Friday, 3 April 2020

#CBR12 Book 16: "A Big Surprise for Valentine's Day" by Jackie Lau

Page count: 116 pages
Rating: 4 stars

Official book description:
Amber Wong has landed her dream job at the Stratford Festival, and life is looking good. Sure, she hasn’t had sex in so long that her condoms have expired, but she’ll just pick up some new ones, along with some discounted Christmas chocolate, at the grocery store.

And that’s where she runs into Dr. Sebastian Lam, the son of her parents’ close friends, whom she hasn’t seen in years. He’s moved back to Ontario, newly single, and… Oh my God. He’s really hot.

The attraction is mutual and no-strings-attached sex is the perfect arrangement for both of them, since Amber has sworn off dating after a string of terrible boyfriends.

But what if their families find out they’re spending time together and start interfering in their lives? That would be a disaster.

Even worse? If they develop feelings for each other, given a relationship is the last thing Amber wants right now…

In this, the fourth and final of Jackie Lau's novellas set around holidays, the youngest Wong sibling, all of whom were set up on disastrous blind dates by their mother and grandmother during A Match Made for Thanksgiving, finally finds her HEA, with one of her older brother's best friends, no less. Ms. Lau really is working to get all the popular tropes into her novellas. Neither Amber nor Sebastian are looking for anything serious, and meet by chance at a convenience store. There is clearly an attraction between them, and they decide that since they are both single, they may as well enjoy some no strings attached fun for a while - which of course gets a lot more complicated the more time they spend with one another.

- This book is super sex-positive. There is not a hint of slut-shaming at any point. It's not often, even in romance, that you get the presence and enthusiastic use of sex toys in more than one scene, but more importantly - they use lube! I literally cannot remember EVER coming across the use of lube in smexy times in a contemporary romance between a man and a woman, and I've read a LOT of romances. There was an even article on Smart Bitches a few months back complaining about the complete lack of this in romance. So yay for that!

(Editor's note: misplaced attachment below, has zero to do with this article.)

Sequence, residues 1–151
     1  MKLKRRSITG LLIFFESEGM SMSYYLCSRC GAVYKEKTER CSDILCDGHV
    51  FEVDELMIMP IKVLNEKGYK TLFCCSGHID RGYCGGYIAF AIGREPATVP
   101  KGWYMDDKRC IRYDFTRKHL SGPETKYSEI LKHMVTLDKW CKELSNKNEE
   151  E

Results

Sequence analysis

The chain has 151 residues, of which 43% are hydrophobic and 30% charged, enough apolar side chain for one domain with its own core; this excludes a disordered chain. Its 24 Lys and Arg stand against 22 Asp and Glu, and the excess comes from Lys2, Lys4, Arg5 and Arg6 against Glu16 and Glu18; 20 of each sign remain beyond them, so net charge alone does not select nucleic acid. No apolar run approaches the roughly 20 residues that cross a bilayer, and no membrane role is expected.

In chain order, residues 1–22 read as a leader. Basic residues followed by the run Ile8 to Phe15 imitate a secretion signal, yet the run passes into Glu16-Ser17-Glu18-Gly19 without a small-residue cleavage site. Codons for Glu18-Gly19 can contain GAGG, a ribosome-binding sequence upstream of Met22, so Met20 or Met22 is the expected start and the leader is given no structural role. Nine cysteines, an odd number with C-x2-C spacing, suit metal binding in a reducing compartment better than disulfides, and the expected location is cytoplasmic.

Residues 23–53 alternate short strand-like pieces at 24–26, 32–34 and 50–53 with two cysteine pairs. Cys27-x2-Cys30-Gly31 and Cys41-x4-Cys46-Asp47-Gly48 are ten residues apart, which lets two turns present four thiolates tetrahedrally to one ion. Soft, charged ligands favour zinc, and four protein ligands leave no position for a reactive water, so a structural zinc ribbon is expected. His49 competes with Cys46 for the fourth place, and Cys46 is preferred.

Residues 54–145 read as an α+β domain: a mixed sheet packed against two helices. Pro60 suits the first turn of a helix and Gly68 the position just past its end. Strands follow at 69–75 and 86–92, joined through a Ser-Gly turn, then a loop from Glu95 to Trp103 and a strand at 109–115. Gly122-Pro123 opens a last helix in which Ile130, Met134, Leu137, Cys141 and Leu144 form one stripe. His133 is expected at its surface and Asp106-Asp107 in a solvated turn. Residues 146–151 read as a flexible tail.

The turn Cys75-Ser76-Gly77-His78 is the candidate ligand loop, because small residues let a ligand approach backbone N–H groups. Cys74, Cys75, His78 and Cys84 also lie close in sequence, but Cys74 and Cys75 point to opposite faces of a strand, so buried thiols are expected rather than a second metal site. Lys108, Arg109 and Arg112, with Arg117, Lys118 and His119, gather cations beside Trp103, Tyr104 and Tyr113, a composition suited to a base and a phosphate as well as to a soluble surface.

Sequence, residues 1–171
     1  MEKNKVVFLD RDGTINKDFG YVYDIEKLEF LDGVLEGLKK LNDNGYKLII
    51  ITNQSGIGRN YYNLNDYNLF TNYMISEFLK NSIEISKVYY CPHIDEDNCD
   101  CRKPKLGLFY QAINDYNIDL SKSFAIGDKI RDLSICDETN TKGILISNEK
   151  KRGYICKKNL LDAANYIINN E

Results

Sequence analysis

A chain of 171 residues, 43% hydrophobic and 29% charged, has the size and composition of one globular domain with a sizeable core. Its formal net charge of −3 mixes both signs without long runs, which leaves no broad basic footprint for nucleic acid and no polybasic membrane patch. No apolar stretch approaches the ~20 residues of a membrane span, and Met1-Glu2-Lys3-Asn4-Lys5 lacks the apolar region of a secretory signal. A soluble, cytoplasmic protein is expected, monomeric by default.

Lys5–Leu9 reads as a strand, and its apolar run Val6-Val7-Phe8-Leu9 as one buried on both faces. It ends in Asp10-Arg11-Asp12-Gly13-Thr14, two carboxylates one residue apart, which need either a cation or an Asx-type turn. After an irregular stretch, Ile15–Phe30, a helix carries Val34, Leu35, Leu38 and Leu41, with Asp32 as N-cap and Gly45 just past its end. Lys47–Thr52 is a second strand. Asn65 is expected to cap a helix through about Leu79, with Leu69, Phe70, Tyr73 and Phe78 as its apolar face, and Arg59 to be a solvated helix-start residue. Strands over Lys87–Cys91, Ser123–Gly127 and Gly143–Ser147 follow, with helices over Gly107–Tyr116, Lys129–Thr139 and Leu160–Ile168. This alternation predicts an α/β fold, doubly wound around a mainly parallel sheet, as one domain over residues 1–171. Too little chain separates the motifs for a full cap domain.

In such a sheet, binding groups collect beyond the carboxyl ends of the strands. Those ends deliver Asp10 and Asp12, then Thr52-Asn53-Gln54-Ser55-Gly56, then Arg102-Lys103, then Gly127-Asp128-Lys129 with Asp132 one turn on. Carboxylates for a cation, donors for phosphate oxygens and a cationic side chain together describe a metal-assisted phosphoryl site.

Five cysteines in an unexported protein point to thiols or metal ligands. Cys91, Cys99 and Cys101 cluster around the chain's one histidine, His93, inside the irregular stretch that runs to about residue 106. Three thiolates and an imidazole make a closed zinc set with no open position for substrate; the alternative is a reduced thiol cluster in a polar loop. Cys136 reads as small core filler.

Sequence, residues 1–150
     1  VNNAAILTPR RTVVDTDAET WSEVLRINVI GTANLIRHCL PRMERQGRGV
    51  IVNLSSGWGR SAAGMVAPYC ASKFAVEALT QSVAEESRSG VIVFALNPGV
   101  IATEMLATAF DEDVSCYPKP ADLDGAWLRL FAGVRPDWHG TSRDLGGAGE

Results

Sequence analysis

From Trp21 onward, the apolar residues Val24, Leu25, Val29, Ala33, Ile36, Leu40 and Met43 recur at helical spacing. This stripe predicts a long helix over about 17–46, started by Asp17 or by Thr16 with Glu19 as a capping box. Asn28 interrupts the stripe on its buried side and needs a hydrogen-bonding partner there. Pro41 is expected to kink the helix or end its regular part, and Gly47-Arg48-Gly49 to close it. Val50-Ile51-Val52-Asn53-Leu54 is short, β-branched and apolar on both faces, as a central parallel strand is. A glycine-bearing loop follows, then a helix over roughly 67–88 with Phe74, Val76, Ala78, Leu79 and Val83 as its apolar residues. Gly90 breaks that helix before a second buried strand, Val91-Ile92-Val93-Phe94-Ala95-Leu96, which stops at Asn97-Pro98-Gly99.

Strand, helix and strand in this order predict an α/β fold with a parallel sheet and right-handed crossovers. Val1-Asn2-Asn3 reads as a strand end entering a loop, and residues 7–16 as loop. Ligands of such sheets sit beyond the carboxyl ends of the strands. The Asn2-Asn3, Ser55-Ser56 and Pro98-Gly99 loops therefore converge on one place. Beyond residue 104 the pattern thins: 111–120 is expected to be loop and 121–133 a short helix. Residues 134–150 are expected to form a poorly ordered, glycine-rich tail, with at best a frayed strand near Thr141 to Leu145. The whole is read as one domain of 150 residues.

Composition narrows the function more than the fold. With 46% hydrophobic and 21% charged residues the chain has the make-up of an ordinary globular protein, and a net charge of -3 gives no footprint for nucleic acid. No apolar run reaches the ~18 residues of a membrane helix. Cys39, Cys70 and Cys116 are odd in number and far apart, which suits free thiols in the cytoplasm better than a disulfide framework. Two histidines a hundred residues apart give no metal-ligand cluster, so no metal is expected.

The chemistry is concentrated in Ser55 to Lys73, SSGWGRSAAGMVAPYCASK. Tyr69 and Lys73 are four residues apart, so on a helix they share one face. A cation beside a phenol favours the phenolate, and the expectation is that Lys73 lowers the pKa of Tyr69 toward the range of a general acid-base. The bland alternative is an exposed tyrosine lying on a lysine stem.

- Points for having a very well-endowed hero and acknowledging that it's going to cause some challenges and that considerations need to be made in the bedroom department. Very realistic, super unusual and extremely refreshing to read. The book gets an extra half a star just for that.

What I really liked:
-That Amber does crafting like cross-stitch and crochet (sometimes to hilarious results) and enjoys baking shows.
- That Sebastian is a very imaginative and considerate lover, who understands that being blessed in the pants department requires care and preparation.
- That both protagonists always make sure they have the enthusiastic consent of the other.
- The food descriptions, like always (although boba tea is disgusting. Blech, semolina ball - fight me!)

What I didn't like so much:
- The interfering and nosy relatives on either side. I get that it's a feature and that it in many ways was one of the obstacles that Amber and Sebastian had to work through, but by book 4, the zany grandmother just got on my nerves and much of the rest of the older family members, on either side of the couple just made me cringe and want to skim the parts where they showed up.
- Sebastian's mother was completely out of line and her judgmental attitude towards Amber made me want to slap her.

Jackie Lau continues to write comforting, satisfying romances between adults who know what they want and aren't afraid to communicate with one another. There is very little drama here, just a sweet, well-developed love story.

Judging a book by its cover: Yet another cute, cartoony cover, with delicious baked goods and associations to breakfast all around. The hero does make the heroine a very sweet and special breakfast, and I'm glad the cover designers went with donuts rather than boba tea as the thing to focus on, image wise.

Crossposted on Cannonball Read.

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